Cierva autogyro designs, the CL-20 and the C-29. The rotorcraft activity
discontinued due to the imminent war.
The prototype Lysander flew at
the end of 1936, intended to provide a modern general purpose aircraft, its
design was a logical progression of the peacetime role which had fallen to the
Wapiti, Wallace and Hectors. The Lysander had remarkable Short Take-off and
Landing capabilities and was well suited for an un-opposed Army Co-operation
role defined in the specification.
Westland were also building a
small powerful twin-engined fighter, the Whirlwind intended to maintain air
superiority over the English Channel and Northern France. again the innovative
approach was evident, the Whirlwind was armed with four 20mm cannon, neatly
grouped in the nose, offering fire power well in advance of contemporary
thinking. As events transpired, the capitulation of France eliminated the
requirement for long range fighters, and the Whirlwind only saw limited
When war came in 1939,
Westland were well advanced in production of the two new aircraft. Lysanders
were already in service and several squadrons went to France to support the
Army. They suffered badly against the Luftwaffe, leaving no doubt that the
Lysander was neither intended or suited to blitzkrieg warfare. For the rest of
the war they served as target towing and Search and rescue roles, but they
will always be remembered for the vital part they played flying secret agents
to France at night, using their unique short field capabilities to full
The destruction of the
Supermarine factory at Southampton by German bombing brought Spitfire
production to a stand still and Yeovil was one of the factories selected to
recover this serious situation, within three months Spitfires were rolling off
the line supported by a network of small local shadow factories which had been
hastily set up in the Yeovil area.
Westland played a major part
in the design of the Seafire and by the end of the war over 2000 Spitfire/Seafires
had been produced in the Westland factories at Yeovil and Ilchester.
One of the most important
aircraft to be produced during the war period was the Welkin high altitude
fighter. It was required to combat the high flying German reconnaissance
aircraft. The requirement to operate at altitudes of 40,000 ft or more called
for cabin pressurisation and it was from this pioneering work that the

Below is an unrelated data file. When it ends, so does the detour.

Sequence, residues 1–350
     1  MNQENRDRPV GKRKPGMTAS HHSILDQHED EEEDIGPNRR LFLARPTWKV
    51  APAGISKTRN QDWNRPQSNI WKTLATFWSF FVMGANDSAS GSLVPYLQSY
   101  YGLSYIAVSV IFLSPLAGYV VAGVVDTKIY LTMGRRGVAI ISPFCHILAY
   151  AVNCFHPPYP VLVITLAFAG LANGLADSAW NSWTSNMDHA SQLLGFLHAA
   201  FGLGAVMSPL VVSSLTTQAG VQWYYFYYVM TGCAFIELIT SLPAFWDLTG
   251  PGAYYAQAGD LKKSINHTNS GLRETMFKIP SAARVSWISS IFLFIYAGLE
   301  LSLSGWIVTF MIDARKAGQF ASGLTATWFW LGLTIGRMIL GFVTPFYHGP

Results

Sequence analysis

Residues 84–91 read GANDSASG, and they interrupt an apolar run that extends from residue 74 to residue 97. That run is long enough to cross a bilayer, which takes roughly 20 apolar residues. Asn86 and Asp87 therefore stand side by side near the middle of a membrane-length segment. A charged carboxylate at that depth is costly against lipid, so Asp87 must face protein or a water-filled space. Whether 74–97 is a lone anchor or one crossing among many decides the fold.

independent company Normalair developed.
The last fixed-wing design to
be produced by Westland was the powerful Wyvern shipborne strike fighter,
powered by a large turboprop driving contra-rotating propellers it entered
service with the Royal Navy in 1953 and was used operationally during the Suez
crisis in 1956.
Over 6000 fixed wing aircraft
were built at Yeovil between 1915 and 1955. With the end of the war meant that
the large aircraft industry would have to adapt to peacetime needs. The board
of Westland Aircraft decided that the future may lie with a totally different
form of flying machine, the helicopter.
The first practical
helicopters had appeared towards the end of the war in Germany and USA, one of
the most successful American designers being Sikorsky. In 1946 Westland
negotiated a long term agreement to build Sikorsky designs under licence, but
they also made the bold policy decision to specialise in helicopter designs
for the future.
Work started with the Sikorsky
S-51, which was subjected to some re-design to become the Dragonfly, flying
for the first time in 1948, in service with the Royal Navy and RAF by 1953.
Success with the Dragonfly was repeated with the S-55 to become the Whirlwind
and in 1958 the S-58 was re-engined with a gas turbine to become the Wessex.
The introduction of
helicopters into the Royal Navy was to transform Naval Aviation. The use of
helicopters equipped with dipping sonar superseded fixed wing aircraft in the
anti-submarine role while helicopters brought a whole new dimension to search
It must not be assumed that
Westland simply built off the shelf designs under licence. In all cases the
Westland versions were subject to re-design and incorporated many
improvements. Later Whirlwinds were re-engined with gas-turbines and the
Wessex included a very advanced autopilot, setting the highest standards in
the anti-submarine role.
In 1960 the British aircraft
industry underwent a major re-organisation. There were at the time over twenty
aircraft manufacturers, all competing for a few orders. The government of the
time made it clear that it could no longer support this situation.
The result was a period of
re-organisation where many of the companies combined to form only two major
aircraft manufacturing groups (The British Aircraft Corporation and the Hawker
Siddeley Group), neither of which had retained any interest in rotorcraft.
Because of its success in the helicopter business, Westland were well placed